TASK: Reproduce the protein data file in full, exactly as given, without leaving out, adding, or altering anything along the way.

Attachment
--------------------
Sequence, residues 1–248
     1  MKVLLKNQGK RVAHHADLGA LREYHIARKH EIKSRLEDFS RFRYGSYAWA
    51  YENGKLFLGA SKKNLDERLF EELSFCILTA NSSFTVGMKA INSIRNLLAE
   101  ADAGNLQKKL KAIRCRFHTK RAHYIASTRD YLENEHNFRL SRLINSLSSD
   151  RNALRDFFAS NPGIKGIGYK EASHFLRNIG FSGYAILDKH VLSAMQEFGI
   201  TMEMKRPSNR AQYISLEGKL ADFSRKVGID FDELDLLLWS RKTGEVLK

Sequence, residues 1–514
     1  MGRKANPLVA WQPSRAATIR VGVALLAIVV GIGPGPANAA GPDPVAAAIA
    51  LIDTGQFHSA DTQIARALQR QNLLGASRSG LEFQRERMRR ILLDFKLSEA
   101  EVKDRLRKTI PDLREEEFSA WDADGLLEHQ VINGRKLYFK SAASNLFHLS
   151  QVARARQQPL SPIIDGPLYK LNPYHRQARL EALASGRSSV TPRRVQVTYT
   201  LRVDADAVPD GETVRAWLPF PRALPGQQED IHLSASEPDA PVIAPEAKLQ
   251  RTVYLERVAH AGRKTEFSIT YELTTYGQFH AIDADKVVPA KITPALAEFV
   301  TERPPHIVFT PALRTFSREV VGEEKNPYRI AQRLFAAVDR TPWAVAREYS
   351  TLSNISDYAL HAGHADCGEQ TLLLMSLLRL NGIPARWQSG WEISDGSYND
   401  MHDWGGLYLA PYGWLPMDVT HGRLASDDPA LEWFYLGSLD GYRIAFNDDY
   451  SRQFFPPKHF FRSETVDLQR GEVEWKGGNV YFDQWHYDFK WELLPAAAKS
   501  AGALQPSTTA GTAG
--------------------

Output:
Sequence, residues 1–248
     1  MKVLLKNQGK RVAHHADLGA LREYHIARKH EIKSRLEDFS RFRYGSYAWA
    51  YENGKLFLGA SKKNLDERLF EELSFCILTA NSSFTVGMKA INSIRNLLAE
   101  ADAGNLQKKL KAIRCRFHTK RAHYIASTRD YLENEHNFRL SRLINSLSSD
   151  RNALRDFFAS NPGIKGIGYK EASHFLRNIG FSGYAILDKH VLSAMQEFGI
   201  TMEMKRPSNR AQYISLEGKL ADFSRKVGID FDELDLLLWS RKTGEVLK

Sequence, residues 1–514
     1  MGRKANPLVA WQPSRAATIR VGVALLAIVV GIGPGPANAA GPDPVAAAIA
    51  LIDTGQFHSA DTQIARALQR QNLLGASRSG LEFQRERMRR ILLDFKLSEA
   101  EVKDRLRKTI PDLREEEFSA WDADGLLEHQ VINGRKLYFK SAASNLFHLS
   151  QVARARQQPL SPIIDGPLYK LNPYHRQARL EALASGRSSV TPRRVQVTYT
   201  LRVDADAVPD GETVRAWLPF PRALPGQQED IHLSASEPDA PVIAPEAKLQ
   251  RTVYLERVAH AGRKTEFSIT YELTTYGQFH AIDADKVVPA KITPALAEFV
   301  TERPPHIVFT PALRTFSREV VGEEKNPYRI AQRLFAAVDR TPWAVAREYS
   351  TLSNISDYAL HAGHADCGEQ TLLLMSLLRL NGIPARWQSG WEISDGSYND
   401  MHDWGGLYLA PYGWLPMDVT HGRLASDDPA LEWFYLGSLD GYRIAFNDDY
   451  SRQFFPPKHF FRSETVDLQR GEVEWKGGNV YFDQWHYDFK WELLPAAAKS
   501  AGALQPSTTA GTAG